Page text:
The Elements of Retirement Readiness

June 27, 2013 ( – Employees are less confident about retirement and expect to work longer and retire later, a survey finds.

The Transamerica Center for Retirement Studies (TCRS) released “Unlocking Secrets of Retirement Readiness: Meet the Everyday People Who Are ‘Power Planners,'” which shows the majority of employees (62%) said they are less confident about retirement since the start of the recession, and many Baby Boomers (43%) now expect to work longer and retire at a later age.

Catherine Collinson, TCRS president and author of the survey, told PLANSPONSOR, “The conversation on this began about two years ago, as we were finding that more people were thinking about the question of whether to work past the age of 70. We decided last year to think about that in terms of retirement readiness and what its definition is now. When we started to research the topic, we found that there are now a myriad of definitions for ‘retirement readiness.’ The old definition of building up a retirement nest egg, retiring at 65 and no longer have to set your alarm clock no longer applies. The survey allowed us to introduce our own definition of retirement readiness.”

The survey defined retirement readiness as a state in which an individual is well-prepared for retirement, should it happen as planned or unexpectedly, and can continue generating adequate income to cover living expenses throughout their lifetime through retirement savings and investments, employer pension benefits, government benefits, and/or continuing to work in some manner while allowing for leisure time to enjoy life.

Five key elements of retirement readiness were identified:

  • A clear vision of retirement, including retirement dreams/expectations, expected retirement age and any plans to continue working in retirement;
  • A retirement strategy that incorporates savings needs, potential risks and a back-up plan if the participant is forced to retire sooner than expected;
  • Retirement income, including savings and investments, pension benefits, and government benefits;
  • Knowledge to make informed decisions about retirement investments, government benefits, and health care; and
  • A family understanding, including an open dialogue about finances and agreement on any expectations of support.

According to the Los Angeles-based Collinson, the survey revealed a group of employees who are on the road to retirement readiness, deemed as Power Planners. These Power Planners then fell into five subcategories, which are connected with the aforementioned key behaviors, and include:

  • Future Early Retirees, whose clear vision of retirement is to retire sooner than age 65;
  • 10 Percenters, whose retirement income goals include saving 10% or more of their salary through their retirement plan;
  • Strategists, whose retirement strategy includes a written plan;
  • Knowledgeables, whose knowledge allows them to make informed retirement decisions; and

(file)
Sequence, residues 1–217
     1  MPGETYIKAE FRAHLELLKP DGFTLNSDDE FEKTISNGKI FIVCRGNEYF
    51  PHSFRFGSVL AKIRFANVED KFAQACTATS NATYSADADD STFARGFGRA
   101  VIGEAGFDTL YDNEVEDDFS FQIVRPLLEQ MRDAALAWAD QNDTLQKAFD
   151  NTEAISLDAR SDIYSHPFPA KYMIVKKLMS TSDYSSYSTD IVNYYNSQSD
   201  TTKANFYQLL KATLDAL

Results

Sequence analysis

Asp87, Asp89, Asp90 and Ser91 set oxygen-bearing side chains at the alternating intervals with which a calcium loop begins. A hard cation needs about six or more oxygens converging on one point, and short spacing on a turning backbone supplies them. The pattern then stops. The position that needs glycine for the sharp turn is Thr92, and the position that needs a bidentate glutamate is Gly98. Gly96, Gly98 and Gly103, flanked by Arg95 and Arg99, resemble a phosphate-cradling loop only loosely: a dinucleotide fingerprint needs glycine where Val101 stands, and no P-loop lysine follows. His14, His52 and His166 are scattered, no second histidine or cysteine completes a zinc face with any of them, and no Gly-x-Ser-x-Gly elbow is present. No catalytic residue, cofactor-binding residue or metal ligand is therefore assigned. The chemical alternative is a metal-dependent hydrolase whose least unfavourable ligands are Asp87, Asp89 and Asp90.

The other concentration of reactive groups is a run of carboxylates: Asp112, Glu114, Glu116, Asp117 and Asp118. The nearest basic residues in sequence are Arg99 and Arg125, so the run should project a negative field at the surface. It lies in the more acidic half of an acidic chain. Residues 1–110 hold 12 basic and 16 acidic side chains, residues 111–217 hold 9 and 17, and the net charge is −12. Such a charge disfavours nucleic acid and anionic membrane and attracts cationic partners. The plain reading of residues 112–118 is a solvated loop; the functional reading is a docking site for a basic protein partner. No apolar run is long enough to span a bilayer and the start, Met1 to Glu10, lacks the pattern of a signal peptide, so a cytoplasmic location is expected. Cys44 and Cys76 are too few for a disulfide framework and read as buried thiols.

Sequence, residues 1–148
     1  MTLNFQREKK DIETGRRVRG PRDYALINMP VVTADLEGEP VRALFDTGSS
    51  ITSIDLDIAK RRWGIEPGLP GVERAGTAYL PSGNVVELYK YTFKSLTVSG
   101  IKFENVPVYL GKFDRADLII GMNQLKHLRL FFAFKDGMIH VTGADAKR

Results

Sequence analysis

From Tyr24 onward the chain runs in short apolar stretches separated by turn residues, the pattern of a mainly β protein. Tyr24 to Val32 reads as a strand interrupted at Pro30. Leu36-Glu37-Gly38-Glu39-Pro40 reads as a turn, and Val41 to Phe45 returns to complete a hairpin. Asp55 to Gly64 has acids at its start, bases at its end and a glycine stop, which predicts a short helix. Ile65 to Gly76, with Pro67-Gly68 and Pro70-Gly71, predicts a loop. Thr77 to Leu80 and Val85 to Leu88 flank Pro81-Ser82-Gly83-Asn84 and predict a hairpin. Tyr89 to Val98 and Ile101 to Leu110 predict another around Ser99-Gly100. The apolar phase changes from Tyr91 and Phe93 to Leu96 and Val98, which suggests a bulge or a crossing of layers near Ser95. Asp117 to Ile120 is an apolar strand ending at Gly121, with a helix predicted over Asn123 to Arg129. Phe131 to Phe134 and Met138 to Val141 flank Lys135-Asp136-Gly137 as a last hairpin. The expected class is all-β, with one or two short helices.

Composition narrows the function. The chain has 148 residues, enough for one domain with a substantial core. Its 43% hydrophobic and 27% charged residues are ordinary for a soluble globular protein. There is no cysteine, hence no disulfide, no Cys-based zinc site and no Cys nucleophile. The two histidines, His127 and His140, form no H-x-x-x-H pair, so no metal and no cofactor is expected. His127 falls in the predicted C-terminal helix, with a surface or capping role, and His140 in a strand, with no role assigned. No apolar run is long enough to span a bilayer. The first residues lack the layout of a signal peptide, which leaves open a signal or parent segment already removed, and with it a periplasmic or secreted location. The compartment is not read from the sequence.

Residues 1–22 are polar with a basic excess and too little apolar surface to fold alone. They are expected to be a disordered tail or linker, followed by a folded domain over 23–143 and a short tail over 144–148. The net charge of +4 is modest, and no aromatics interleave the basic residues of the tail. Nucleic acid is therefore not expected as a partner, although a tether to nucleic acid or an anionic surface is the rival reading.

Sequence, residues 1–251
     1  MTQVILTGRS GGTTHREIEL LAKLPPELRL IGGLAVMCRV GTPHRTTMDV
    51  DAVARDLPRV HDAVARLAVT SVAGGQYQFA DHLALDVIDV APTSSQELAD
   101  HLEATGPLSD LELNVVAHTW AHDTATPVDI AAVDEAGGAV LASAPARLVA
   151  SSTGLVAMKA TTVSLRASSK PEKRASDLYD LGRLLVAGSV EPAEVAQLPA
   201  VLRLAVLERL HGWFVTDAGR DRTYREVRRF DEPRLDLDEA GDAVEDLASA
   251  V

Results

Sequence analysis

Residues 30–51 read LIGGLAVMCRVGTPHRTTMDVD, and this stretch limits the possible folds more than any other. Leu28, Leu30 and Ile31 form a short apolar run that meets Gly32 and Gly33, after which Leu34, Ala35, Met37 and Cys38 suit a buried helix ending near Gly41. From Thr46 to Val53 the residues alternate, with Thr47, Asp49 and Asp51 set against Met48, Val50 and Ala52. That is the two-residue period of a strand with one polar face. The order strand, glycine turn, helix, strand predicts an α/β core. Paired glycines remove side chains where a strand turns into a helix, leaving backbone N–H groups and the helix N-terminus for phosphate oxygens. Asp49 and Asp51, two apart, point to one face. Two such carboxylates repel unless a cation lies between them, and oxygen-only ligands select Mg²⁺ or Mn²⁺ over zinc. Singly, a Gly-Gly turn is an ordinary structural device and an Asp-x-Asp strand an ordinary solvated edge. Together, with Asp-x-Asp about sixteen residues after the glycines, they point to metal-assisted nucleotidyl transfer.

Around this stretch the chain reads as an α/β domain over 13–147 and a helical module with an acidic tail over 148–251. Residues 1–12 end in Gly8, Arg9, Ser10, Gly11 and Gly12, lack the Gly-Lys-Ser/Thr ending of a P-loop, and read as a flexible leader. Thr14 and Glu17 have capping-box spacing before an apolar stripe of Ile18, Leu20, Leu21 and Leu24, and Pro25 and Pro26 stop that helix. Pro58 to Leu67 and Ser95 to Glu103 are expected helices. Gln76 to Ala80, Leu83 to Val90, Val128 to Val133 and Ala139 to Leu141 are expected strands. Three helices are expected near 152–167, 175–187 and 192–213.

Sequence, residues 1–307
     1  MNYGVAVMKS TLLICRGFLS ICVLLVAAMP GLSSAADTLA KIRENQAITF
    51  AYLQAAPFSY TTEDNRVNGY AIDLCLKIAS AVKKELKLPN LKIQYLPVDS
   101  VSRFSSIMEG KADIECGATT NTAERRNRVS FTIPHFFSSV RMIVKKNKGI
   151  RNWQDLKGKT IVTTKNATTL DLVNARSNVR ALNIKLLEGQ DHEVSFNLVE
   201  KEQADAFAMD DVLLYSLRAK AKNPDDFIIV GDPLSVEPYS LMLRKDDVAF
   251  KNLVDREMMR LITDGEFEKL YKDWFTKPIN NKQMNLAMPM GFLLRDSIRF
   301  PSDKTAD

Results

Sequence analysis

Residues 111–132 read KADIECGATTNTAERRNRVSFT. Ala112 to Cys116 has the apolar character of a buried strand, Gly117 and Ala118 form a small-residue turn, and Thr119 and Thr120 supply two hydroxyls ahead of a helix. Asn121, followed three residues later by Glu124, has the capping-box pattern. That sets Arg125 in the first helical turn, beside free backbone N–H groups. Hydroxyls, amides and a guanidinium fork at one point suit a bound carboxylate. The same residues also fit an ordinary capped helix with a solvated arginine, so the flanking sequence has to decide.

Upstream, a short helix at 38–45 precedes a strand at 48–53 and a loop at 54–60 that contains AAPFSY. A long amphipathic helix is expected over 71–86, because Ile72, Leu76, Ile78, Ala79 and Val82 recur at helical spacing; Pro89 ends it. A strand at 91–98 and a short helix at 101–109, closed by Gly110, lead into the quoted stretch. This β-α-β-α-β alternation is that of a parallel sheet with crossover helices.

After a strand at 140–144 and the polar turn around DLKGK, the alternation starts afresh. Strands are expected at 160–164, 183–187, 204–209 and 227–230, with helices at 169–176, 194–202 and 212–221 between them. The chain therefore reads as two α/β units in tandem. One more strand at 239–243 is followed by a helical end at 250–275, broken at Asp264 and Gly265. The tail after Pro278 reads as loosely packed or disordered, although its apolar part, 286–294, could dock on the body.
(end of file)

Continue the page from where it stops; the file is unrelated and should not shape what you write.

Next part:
• Conversationalists, whose family understanding allows them to frequently discuss retirement issues with family and friends.

"We found that the Future Early Retirees were usually more active in retirement planning. Those that had a written plan for retirement, Strategists, made up about 12% of employees. For the Knowledgeables, we found that 31% disagreed with the statement 'I do not know as much as I should about retirement investing.' And the Conversationalists, those who spoke openly with family members about retirement planning, made up 9% of employees," Collinson noted.

Regarding the findings of the survey, Collinson said, "The biggest surprise for us was the demographic breakdown of the Power Planners we documented in the survey. This group turned out to be all different ages and below $100,000 in annual income. Their common denominator was that they were all proactive people with exceptional saving habits."

She clarified that the survey was meant to acknowledge what people are doing right in terms of retirement readiness and how they can build on that. "We found that while 59% of Power Planners were doing at least one of the five behaviors, there is still room for improvement. Doing one thing is tremendous but doing more furthers retirement readiness. We recommend that people start with one behavior and build on others over time."

In the survey, Collinson recommended a number of ways plan sponsors can encourage and foster the key behaviors for retirement readiness.

"Employers can offer a retirement plan to employees if they are not doing it already," she said. "One thing we found was that part-time employees have less access to retirement plans, so a suggestion to plan sponsors would be to cover part-time employees too." Collinson added that steps can be taken to encourage participation in the plan such as increasing employer matching contributions, as well as adding plan features such as automatic enrollment and escalation.

She suggested plan sponsors make more employees aware of the Saver's Credit, also known as the Retirement Savings Contributions Credit. This tax credit is available to lower income individuals that contribute to qualified retirement plans such as 401(k)s. "The awareness of this program still isn't what it needs to be. We found that only 24% of workers even know about it."

Collinson also pointed out that employees are seeking more education and advice about retirement from their employers, particularly those that are close to retiring. "We found that there is a gap in employers assisting those that are nearing retirement age. We would recommend that more planning services are offered to this group and to help them make that transition from the work force to retirement."

Harris Interactive conducted the survey online on behalf of the TCRS between January 20 and February 21. More than 3,600 full- and part-time employees from around the country were surveyed.

The full survey results can be found here.